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Tandem AirBike Builder's Log

February, 2003 -- Fuselage finishing and misc.

Page 2


Inside the tent now, with the rotisserie in place. I painted all the metal tube structures with this Harbor Freight touch-up gun. Even with its small spray pattern, most of the paint blows by the narrow tubes and is wasted. You'll need several quarts of primer to cover all the metal this way.


MIsc. parts being coated with 2-part epoxy primer



Metallic colors rely on a white undercoat to bring out the luster in the metal flakes. This means that the color coat needs to end up just thick enough to give the proper density while not getting thick enough to totally hide the white undercoat. This made my color coat application tricky, and I'll avoid metallics from now on!


The fuselage tail section on the adapted rotisserie.



Here the fabric and reinforcement tapes and patches have been applied to the fuselage with CecoBond, the fabric has been heat-taughtened and the entire surface has been brushed with diluted CecoBond to fill the weave. Painted surfaces next to the fabric have been masked off, with some upwind surfaces relying on wind flow to keep overspray away. These unprotected surfaces ended up with light overspray anyway, but it was not adhered well and could be wiped off with a rag.

CecoBond is a waterborne contact cement. You brush it onto the frame first and let it dry, then overlay the fabric and brush more glue down through the fabric to reactivate the first coat. Sometimes this works well, and sometimes it becomes quite annoying. For some reason, the wet coat from the outside will sometimes lift the first coat right off the painted tube (scuffed per the instructions), and then you have a problem. It's difficult to get more glue down through the fabric which is already saturated with somewhat cured glue. Then when you do get fresh glue worked into the problem area, there isn't any air in there to cure it so it won't stick. The choices I found were either holding the problem areas down with finger pressure for several minutes (this greatly increases the time required to do what should be a relatively quick job) or come back later and bond the problem area with heat and pressure from an iron. Despite a higher toxicity level, I would much rather use Poly-Tak than CecoBond.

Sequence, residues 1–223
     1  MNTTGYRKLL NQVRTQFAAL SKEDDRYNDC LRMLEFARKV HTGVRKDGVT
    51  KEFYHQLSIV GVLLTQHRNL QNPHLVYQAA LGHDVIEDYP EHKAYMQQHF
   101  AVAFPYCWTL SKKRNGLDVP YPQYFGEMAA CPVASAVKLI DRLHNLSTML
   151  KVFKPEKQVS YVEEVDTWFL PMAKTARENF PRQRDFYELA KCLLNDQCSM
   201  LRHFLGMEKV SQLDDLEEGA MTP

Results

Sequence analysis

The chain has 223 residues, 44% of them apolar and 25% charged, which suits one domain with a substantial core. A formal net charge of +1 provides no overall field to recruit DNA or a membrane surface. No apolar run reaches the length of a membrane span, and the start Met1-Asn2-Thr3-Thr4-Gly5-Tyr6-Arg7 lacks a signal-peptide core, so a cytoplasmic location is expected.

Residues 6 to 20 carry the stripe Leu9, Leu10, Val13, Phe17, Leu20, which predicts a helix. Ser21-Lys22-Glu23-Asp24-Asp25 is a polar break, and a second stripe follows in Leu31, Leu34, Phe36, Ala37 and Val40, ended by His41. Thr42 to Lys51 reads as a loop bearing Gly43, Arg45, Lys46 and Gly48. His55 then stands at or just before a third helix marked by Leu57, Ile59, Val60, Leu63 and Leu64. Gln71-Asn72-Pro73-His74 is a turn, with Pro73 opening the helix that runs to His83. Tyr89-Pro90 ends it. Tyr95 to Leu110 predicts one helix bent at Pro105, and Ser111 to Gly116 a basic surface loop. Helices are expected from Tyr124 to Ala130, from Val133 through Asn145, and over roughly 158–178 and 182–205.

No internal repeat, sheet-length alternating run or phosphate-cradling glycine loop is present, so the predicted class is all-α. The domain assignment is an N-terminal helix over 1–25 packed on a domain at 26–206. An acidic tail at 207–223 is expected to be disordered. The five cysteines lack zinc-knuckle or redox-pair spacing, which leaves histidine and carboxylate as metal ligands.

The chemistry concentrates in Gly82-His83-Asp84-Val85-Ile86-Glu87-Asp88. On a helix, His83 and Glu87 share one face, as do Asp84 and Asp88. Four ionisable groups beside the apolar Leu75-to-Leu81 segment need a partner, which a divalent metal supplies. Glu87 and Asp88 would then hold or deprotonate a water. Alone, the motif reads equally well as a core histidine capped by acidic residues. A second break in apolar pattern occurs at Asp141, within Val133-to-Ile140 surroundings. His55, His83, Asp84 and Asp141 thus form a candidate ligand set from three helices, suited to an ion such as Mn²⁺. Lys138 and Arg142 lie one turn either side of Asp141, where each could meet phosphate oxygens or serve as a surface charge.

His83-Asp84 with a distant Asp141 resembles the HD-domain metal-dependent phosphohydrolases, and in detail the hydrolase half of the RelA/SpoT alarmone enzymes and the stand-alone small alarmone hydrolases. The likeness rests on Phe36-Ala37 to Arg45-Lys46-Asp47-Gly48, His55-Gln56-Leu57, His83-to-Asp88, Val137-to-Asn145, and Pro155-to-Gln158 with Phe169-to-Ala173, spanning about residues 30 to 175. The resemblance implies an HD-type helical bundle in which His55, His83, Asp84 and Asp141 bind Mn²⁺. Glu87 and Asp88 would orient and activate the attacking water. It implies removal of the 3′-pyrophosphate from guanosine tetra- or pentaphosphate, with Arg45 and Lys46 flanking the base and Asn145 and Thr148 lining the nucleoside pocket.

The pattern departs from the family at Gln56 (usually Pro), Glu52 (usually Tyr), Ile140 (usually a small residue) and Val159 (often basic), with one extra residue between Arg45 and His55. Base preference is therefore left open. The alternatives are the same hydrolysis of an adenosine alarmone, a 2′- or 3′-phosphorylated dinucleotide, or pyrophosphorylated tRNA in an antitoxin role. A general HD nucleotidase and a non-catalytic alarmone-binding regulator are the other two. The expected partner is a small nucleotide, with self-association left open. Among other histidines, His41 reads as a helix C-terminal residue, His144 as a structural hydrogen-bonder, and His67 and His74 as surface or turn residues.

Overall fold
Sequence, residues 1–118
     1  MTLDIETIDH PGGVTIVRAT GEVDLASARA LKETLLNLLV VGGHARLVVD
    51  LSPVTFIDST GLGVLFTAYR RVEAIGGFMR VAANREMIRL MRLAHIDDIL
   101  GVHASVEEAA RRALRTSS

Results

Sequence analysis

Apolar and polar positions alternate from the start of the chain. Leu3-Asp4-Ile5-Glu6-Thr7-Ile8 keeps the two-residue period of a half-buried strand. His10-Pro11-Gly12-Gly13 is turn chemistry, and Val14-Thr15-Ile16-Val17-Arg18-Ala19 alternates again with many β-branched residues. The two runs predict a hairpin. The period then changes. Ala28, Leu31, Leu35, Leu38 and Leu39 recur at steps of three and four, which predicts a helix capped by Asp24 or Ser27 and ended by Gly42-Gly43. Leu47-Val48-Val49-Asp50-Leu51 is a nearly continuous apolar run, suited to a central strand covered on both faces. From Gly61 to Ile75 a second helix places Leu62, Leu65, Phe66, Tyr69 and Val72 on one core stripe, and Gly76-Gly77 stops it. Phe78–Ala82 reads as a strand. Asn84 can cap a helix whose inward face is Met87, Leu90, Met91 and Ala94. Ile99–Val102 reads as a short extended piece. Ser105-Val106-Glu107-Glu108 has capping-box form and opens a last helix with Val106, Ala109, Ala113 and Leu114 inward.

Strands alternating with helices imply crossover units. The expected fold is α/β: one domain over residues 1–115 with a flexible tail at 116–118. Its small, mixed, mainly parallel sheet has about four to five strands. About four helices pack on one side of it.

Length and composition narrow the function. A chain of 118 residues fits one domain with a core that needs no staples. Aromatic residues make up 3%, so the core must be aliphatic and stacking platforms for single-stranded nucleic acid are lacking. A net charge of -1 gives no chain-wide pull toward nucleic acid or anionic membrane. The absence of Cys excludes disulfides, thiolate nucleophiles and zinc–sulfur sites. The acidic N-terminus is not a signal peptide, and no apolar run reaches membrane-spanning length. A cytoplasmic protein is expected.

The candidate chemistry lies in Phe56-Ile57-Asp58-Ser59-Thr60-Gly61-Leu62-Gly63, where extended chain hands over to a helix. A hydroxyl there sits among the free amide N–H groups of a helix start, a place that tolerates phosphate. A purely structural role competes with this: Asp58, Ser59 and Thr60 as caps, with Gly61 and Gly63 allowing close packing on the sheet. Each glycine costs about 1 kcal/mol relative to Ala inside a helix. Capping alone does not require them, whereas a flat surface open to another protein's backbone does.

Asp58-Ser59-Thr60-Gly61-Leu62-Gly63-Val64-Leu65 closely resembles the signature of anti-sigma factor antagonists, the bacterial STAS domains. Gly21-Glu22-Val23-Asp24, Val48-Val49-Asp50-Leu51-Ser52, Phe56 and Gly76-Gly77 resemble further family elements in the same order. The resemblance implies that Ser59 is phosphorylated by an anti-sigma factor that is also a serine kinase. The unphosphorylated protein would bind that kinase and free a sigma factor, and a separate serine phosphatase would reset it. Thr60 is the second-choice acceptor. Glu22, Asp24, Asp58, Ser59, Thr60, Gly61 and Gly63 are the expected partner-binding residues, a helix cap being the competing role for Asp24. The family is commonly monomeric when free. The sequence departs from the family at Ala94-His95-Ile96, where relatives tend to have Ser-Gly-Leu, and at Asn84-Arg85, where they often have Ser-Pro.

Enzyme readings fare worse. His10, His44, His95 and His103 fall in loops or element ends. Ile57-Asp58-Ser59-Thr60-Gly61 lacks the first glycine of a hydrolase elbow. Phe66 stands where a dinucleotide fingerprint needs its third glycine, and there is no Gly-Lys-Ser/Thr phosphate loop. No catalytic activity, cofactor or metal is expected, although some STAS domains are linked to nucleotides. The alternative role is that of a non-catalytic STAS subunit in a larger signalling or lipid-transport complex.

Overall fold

Another thing to be aware of when using CecoBond -- don't let masking tape get near it! CecoBond will bond to the tape's resin with a vengeance, and will either rip the resin off the tape and leave an ugly mess or the tape will rip the CecoBond (and possibly the adjacent paint and fabric) right off the airplane.


Applying the CecoFill with the same touch-up gun.

In my left hand is a trouble light used constantly while spraying as my booth didn't feature nearly enough light for this kind of work. Even this wasn't enough light, so don't underestimate how much light is required to do a good job of it.


The sixth coat of CecoFill.


With the fabric color-coated, the fuselage is about ready to go.


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